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The sequent calculus admits many proofs of the same conclusion that differ only by trivial permutations of inference rules. In order to eliminate this " bureaucracy " from sequent proofs, deductive formalisms such as proof nets or natural deduction are usually used instead of the sequent calculus, for they identify proofs more abstractly and geometrically.(More)
The logic of hereditary Harrop formulas (HH) has proven useful for specifying a wide range of formal systems that are commonly presented via syntax-directed rules that make use of contexts and side-conditions. The two-level logic approach, as implemented in the Abella theorem prover, embeds the HH specification logic within a rich reasoning logic that(More)
The inverse method is a generalization of resolution that can be applied to non-classical logics. We have recently shown how Andreoli's focusing strategy can be adapted for the inverse method in linear logic. In this paper we introduce the notion of focusing bias for atoms and show that it gives rise to forward and backward chaining, generalizing both(More)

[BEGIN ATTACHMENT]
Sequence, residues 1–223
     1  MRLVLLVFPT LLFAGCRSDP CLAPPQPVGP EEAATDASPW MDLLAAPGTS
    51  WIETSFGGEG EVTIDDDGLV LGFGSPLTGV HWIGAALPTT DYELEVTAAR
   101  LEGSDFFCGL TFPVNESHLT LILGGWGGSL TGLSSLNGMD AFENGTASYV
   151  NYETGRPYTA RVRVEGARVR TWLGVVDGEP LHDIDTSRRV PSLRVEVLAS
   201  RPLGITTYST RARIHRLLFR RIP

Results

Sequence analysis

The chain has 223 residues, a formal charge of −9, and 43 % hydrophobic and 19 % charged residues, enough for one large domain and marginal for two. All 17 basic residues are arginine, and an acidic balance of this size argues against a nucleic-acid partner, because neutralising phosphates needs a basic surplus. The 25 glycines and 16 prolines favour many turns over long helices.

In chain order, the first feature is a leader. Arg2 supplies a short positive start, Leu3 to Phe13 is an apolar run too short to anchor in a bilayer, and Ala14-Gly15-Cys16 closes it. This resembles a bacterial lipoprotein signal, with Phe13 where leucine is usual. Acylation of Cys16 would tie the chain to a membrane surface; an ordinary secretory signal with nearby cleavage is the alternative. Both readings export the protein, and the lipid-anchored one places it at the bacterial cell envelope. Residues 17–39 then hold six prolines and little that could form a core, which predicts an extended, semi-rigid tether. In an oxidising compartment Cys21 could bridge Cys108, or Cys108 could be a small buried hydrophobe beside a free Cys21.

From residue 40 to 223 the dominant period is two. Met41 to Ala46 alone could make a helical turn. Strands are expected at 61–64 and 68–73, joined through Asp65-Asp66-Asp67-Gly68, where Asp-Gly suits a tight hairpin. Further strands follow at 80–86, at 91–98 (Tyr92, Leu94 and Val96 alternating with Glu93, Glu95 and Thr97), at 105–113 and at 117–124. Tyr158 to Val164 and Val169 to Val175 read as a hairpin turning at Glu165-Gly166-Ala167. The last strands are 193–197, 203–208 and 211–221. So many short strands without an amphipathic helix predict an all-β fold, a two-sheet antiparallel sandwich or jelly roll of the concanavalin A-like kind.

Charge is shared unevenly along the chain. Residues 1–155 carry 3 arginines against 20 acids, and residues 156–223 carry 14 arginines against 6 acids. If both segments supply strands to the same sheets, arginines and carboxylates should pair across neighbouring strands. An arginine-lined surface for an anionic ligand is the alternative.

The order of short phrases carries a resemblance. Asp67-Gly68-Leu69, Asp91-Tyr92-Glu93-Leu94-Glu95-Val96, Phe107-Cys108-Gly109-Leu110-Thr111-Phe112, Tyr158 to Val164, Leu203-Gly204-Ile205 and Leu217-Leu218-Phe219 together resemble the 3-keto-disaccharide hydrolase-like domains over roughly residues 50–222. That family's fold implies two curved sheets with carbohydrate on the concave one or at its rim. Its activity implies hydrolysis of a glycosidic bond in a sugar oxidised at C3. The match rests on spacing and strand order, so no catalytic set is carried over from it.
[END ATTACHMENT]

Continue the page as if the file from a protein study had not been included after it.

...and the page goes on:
1 Overview TLAPS, the TLA + proof system, is a platform for the development and mechanical verification of TLA + proofs. The TLA + proof language is declarative, and understanding proofs requires little background beyond elementary mathematics. The language supports hierarchical and non-linear proof construction and verification, and it is independent of(More)
The Abella interactive theorem prover is based on an intuitionistic logic that allows for inductive and co-inductive reasoning over relations. Abella supports the λ-tree approach to treating syntax containing binders: it allows simply typed λ-terms to be used to represent such syntax and it provides higher-order (pattern) unification, the ∇ quantifier, and(More)
We present the theory and implementation of a theorem prover for first-order intuitionistic linear logic based on the inverse method. The central proof-theoretic insights underlying the prover concern resource management and focused derivations, both of which are traditionally understood in the domain of backward reasoning systems such as logic programming.(More)